Sunday, 30 May 2021 21:14

New management plan to meet Covid-19 financial obligations Featured

The government is to implement a new management programme with containment measures based on a contingency financial (budgetary) plan for the containment of the third COVID-19 wave, Finance Ministry sources said.

The need of such a plan has arisen as the government has spent Rs. 138 billion so far for direct expenses up to now to provide services and relief measures to the people affected by the pandemic. So far no financial estimate has been prepared for the new plan.

The impact of the deadly virus has intensified in the third wave with all the previous plans including the Preparedness and Response plan gone haywire, several senior officials who wished to remain anonymous told the Business Times.

Under the current plan, cash transfers to vulnerable groups amounted to around Rs. 6 billion, 0.6 percent of GDP in 2020 and around Rs.15 billion – 0.1 percent of GDP so far in 2021, Treasury data showed.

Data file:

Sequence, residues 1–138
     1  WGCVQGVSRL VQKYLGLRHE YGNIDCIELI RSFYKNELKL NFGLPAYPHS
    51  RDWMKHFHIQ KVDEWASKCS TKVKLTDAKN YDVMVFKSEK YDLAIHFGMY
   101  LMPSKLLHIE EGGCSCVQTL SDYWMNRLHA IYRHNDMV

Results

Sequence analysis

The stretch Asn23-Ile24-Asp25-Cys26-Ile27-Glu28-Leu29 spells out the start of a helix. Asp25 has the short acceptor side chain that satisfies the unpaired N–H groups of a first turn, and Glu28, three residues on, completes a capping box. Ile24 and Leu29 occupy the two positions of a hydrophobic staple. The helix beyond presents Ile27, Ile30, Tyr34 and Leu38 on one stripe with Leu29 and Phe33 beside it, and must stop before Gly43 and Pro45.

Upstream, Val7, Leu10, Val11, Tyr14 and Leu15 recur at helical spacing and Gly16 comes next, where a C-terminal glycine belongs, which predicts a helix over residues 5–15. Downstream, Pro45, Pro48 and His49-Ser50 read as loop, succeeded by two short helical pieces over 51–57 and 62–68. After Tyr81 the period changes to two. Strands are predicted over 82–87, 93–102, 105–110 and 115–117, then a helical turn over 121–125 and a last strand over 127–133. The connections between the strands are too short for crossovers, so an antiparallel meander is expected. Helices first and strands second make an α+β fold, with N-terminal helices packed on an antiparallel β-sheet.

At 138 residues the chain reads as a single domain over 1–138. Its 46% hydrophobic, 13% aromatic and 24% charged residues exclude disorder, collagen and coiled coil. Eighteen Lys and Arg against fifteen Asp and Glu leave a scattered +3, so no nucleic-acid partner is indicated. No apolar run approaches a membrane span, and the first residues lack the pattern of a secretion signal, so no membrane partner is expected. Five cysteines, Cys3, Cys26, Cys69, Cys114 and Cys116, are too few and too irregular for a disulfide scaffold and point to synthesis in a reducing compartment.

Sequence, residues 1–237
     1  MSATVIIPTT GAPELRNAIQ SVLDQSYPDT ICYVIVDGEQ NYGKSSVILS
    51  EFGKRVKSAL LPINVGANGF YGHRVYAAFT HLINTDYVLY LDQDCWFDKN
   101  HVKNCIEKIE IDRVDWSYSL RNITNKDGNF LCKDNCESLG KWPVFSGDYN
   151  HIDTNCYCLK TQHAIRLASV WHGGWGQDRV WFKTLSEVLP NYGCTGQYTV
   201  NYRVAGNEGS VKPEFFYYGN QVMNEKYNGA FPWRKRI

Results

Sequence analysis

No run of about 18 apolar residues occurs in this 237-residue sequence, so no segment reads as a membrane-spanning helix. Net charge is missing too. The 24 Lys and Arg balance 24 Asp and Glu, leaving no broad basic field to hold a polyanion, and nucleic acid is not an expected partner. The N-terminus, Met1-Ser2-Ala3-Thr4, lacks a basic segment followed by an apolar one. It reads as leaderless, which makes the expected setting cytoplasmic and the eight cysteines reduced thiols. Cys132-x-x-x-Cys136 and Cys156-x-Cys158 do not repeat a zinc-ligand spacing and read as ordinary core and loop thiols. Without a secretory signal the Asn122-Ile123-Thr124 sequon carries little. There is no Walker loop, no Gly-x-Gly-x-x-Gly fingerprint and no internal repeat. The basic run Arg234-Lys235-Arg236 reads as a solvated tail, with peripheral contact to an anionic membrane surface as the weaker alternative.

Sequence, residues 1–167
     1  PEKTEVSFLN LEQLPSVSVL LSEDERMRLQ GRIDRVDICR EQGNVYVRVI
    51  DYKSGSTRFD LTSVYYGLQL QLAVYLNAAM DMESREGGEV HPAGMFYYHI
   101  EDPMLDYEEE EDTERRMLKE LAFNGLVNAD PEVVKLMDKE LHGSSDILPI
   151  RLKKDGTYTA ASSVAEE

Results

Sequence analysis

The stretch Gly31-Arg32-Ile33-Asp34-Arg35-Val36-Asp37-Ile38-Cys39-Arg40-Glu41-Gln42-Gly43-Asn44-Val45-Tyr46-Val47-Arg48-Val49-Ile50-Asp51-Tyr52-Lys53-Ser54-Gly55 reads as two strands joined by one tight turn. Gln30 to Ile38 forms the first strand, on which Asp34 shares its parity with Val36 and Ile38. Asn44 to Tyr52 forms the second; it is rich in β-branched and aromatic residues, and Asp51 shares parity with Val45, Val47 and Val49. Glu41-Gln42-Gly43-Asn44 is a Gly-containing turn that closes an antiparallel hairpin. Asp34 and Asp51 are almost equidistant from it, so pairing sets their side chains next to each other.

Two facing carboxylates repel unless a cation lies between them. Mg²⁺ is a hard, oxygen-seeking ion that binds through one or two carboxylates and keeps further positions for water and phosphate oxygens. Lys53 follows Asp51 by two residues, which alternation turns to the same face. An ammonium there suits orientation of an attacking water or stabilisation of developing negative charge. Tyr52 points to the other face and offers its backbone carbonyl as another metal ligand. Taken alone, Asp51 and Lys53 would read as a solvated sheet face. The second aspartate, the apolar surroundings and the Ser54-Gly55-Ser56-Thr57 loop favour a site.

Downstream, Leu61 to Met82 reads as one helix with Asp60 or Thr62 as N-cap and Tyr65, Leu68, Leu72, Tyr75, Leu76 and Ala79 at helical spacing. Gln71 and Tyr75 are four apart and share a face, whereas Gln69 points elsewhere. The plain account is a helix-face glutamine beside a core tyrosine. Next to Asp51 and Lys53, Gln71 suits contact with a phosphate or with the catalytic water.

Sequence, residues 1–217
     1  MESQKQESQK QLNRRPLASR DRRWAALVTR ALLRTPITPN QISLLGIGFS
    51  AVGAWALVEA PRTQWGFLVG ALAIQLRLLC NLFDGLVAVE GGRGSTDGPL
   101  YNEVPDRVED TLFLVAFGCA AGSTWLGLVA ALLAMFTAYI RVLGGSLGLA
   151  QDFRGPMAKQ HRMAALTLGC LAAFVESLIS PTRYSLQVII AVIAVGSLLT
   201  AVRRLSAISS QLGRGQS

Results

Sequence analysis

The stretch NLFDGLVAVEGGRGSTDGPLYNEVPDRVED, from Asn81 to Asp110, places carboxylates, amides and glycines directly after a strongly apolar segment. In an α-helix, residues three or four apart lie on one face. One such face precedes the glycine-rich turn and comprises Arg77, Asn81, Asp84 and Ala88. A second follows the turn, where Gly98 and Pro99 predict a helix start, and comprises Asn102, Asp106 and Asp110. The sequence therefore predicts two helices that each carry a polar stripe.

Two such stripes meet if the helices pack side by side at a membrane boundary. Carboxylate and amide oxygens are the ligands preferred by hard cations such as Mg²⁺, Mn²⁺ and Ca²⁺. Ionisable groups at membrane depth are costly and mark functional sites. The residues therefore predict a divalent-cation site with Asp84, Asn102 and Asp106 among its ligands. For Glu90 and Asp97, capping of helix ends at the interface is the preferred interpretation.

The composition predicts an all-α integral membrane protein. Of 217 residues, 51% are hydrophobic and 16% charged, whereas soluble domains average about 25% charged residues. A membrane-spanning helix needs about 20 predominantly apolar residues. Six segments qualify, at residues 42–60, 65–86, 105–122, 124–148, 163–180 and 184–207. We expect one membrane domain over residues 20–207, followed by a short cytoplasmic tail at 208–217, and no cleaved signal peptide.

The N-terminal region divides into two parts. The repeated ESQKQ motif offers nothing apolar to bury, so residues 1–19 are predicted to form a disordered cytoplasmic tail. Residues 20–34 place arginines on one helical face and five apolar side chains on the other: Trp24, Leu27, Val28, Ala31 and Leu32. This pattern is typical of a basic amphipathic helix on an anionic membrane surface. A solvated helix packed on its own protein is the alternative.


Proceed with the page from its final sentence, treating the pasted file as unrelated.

A sum of Rs.96.1 billion in 2020 and Rs.41.9 billion up to May, 2021 was provided as relief facilities (cash food stuffs and other essential items) to the people.

According to estimates of experts Sri Lanka should vaccinate around 80 percent of its population numbering 17.5 million people.

Sri Lanka has received or is expected to receive vaccine donations and other financial assistance from countries like India, China and Russia.

According to provisional estimates the total cost to inoculate another 60 percent of the population is around Rs 27.4 billion. The earlier vaccination of 20 percent of the population cost Rs .9.1 billion.

With 66 per cent of the labour force working informally, many women undertaking domestic labour require the limited provision of social protection support across the lifecycle, including for those in the formal economy, a UNICEF report revealed.

Large segments of society are without access to any social protection and, therefore, were vulnerable in the COVID-19 crisis.

To address the recession and protect families, it will be necessary for Sri Lanka to put in place a large fiscal stimulus package, comprising social protection transfers to families, the report suggested.

Hence, food security issues of the country need to be addressed with a holistic policy approach with near to long-term strategies to ensure food security to withstand possible future shock

 

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